HHE Respiratory 2019 - Page 7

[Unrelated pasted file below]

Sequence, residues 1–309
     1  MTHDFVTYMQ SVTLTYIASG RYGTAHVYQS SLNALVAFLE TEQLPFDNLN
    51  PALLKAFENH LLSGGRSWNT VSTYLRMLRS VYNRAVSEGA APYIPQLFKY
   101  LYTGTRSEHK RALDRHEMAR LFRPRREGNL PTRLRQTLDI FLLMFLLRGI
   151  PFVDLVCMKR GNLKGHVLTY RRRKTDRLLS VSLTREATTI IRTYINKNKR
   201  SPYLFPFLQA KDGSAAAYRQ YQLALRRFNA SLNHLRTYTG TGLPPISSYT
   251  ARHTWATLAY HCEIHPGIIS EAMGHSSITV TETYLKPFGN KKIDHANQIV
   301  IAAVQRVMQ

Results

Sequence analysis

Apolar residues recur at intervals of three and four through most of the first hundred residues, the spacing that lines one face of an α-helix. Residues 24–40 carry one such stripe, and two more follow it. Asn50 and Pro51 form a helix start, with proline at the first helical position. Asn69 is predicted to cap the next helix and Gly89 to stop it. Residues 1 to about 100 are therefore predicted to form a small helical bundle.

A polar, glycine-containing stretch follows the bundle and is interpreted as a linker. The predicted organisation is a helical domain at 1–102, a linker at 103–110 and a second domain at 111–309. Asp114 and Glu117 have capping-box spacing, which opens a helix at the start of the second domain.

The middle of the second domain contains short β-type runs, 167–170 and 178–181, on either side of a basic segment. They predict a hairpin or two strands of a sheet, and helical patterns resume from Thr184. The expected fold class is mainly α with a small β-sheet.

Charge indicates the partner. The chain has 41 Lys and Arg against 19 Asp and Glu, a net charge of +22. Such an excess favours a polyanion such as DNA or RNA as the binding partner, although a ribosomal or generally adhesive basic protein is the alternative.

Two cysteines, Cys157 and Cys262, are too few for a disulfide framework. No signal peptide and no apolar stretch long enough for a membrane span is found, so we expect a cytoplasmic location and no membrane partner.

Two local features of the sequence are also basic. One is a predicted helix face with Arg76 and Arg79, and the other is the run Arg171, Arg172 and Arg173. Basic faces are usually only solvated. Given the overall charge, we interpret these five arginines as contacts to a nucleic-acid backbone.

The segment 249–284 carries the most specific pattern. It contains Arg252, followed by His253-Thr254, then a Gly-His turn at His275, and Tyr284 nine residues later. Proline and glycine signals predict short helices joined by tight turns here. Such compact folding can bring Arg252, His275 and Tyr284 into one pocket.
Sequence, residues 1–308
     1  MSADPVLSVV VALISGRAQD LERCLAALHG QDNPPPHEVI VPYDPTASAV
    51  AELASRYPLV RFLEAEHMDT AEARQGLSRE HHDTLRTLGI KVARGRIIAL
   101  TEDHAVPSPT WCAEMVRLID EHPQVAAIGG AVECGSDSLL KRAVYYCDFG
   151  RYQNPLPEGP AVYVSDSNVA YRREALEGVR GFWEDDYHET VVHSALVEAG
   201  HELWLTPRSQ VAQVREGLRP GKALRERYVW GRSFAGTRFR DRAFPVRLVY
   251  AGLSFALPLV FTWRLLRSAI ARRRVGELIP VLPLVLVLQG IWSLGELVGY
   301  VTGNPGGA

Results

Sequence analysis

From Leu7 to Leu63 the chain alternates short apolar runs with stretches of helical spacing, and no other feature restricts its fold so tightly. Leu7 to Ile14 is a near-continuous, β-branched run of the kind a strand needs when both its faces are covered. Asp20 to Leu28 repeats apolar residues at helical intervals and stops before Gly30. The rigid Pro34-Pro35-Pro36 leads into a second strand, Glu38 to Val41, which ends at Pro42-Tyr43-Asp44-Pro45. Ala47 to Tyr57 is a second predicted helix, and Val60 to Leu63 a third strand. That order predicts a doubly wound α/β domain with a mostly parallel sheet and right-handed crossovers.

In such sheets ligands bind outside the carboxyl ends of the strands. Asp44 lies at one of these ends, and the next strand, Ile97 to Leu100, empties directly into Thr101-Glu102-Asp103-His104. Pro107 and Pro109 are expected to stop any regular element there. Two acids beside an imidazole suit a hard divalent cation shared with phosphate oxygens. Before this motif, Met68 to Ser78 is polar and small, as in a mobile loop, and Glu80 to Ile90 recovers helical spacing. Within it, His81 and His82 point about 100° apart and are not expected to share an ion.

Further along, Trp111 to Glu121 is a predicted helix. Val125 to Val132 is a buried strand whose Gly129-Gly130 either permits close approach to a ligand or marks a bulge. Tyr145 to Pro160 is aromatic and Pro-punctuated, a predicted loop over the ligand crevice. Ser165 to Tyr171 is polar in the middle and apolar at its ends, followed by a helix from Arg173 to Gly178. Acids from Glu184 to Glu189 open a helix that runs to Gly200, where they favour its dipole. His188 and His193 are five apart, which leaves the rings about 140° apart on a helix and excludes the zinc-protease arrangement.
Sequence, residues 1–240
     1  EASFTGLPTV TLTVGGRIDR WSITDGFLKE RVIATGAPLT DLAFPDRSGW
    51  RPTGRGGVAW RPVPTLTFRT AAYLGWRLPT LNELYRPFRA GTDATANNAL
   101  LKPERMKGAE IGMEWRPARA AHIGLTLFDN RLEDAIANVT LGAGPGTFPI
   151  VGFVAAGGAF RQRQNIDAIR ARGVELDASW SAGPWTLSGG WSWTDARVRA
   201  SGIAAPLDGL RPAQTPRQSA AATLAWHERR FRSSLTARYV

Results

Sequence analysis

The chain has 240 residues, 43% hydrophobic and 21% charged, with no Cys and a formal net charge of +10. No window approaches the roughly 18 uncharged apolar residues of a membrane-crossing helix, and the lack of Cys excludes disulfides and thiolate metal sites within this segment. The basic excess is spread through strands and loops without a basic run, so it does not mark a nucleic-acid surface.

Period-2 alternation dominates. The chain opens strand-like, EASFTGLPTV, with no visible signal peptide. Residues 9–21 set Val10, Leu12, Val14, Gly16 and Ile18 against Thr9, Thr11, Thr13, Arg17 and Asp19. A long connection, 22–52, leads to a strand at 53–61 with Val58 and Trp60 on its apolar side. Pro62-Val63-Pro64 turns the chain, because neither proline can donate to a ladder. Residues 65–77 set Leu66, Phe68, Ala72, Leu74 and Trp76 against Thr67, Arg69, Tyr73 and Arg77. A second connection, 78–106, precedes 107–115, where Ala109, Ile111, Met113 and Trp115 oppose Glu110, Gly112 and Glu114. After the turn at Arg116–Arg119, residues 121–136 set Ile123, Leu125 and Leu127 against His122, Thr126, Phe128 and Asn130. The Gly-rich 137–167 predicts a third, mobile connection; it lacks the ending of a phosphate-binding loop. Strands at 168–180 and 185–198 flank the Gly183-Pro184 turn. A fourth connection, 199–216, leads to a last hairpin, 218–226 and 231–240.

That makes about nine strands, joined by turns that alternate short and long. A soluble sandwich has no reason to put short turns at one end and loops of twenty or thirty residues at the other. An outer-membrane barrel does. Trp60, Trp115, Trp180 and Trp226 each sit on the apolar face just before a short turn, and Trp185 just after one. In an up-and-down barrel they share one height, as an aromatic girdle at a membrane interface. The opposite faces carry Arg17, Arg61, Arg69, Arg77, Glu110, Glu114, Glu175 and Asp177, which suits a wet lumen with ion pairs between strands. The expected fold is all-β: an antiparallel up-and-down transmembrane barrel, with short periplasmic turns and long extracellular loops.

RESPIRATORY Targeted lung denervation in severe asthma Introducing a novel minimally-invasive treatment for obstructive airways disease and the rationale for its application in patients with severe asthma Karthi Srikanthan MBBS MRCP National Heart and Lung Institute, Imperial College, UK Pallav L Shah MD MBBS FRCP National Heart and Lung Institute, Imperial College, UK Royal Brompton Hospital, London, UK Chelsea and Westminster Hospital, UK Asthma is a common respiratory condition, affecting 1–18% of the population in different countries. It is characterised by symptoms such as breathlessness, wheeze, cough and chest tightness. Typically, these symptoms vary over time, reflecting the variable expiratory airflow limitation that underpins its diagnosis. The variations in symptoms and airflow limitation can be caused by temporary (or persistent) exposure to trigger factors such as allergens or irritants, exercise, change in weather, or viral respiratory infections. 1 The long-term goals of asthma management include symptom control, normal activity levels, as well as reducing the risk of exacerbations. This is achieved using both pharmacological and non-pharmacological treatments, in a step-wise manner. Severe asthma is defined as asthma that requires Step 4 or 5 treatment, which includes medium- or high-dose inhaled corticosteroid (ICS) in conjunction with long-acting beta-agonist (LABA). Severe asthma may also require additional medications such as leukotriene receptor antagonists (LTRA), theophylline, anti- immunoglobulin E (anti-IgE), anti-interleukin 5 (anti-IL5), low dose oral corticosteroids (OCS) and tiotropium. 1 A novel treatment Targeted lung denervation (TLD) is a novel bronchoscopic treatment that has been trialled in patients with moderate to severe chronic obstructive pulmonary disease (COPD), with early indications that it could be of benefit. In a randomised, double-blind, sham-controlled study, TLD demonstrated a significant reduction in respiratory adverse events and a tendency towards improved quality of life, dyspnoea and pulmonary function when compared with the sham arm. 2 It uses a radiofrequency (RF) ablation catheter to disrupt the pulmonary connections of the vagus nerve with a minimally-invasive technique. As a result, acetylcholine release on airway smooth muscle and submucosal glands is curtailed, causing a reduction in the cholinergic effects of bronchoconstriction and mucous secretion respectively. All pulmonary parasympathetic innervation stems from the pulmonary trunks of the vagus nerves as they enter the lung at the hila. 3 During TLD, nerve ablation occurs at the main bronchi and therefore it exerts its actions on airways downstream from this treatment site. At the time of ablation, the 7 HHE 2019 | hospitalhealthcare.com airway epithelium is prevented from the effects of excessive heating by a coolant-filled balloon, which is situated adjacent to the ablation electrode. The rational for TLD in COPD is the putative pathological increase in vagus nerve input to the smooth muscle cells and submucosal glands of the airways. It has been reported that enhanced parasympathetic activity is the dominant reversible component of airway obstruction in COPD. 4 Treatment to address this component has already been developed and the current state of the art is tiotropium bromide, a muscarinic antagonist. While tiotropium improves airflow obstruction, only 50% of patients derive a clinically significant benefit. 5 Furthermore, only 40% of patients persist with tiotropium after one year of starting treatment. 6 Tiotropium does provide sustained bronchodilation over twenty- four hours, hence its use as one of the most common maintenance therapies in COPD. However, there are still significant changes in the FEV1 over the course of the day, with trough values being half those of peak values. 7 Tiotropium, like all other inhalers, is affected by problems with drug deposition and duration of action. Tiotropium and TLD act by blocking the action of the vagus nerve on the airways, the former via a pharmacological mechanism, and the latter through a more direct physical approach. Pharmacological treatment is also dependent on patient compliance. The physical approach has the theoretical advantage of bronchodilating all airways distal to the main bronchus (including the smaller, peripheral airways), as well as having a constant effect over the course of the day and night. It has already been stated that tiotropium is a treatment option for asthma. Is there an argument, therefore, for TLD as a potential therapy in asthma? Vagus nerve and asthma pathophysology Before we can answer this question, we must first understand the role of the vagus nerve in the pathophysiology of asthma. One way to elucidate its contribution is to assess the effects of temporarily blocking its actions. This was carried in a small study that measured the effect of intravenous atropine on nocturnal airflow limitation in ten asthma patients with known diurnal variation in peak expiratory flow (PEF). Atropine is a naturally-occurring compound and a competitive antagonist of muscarinic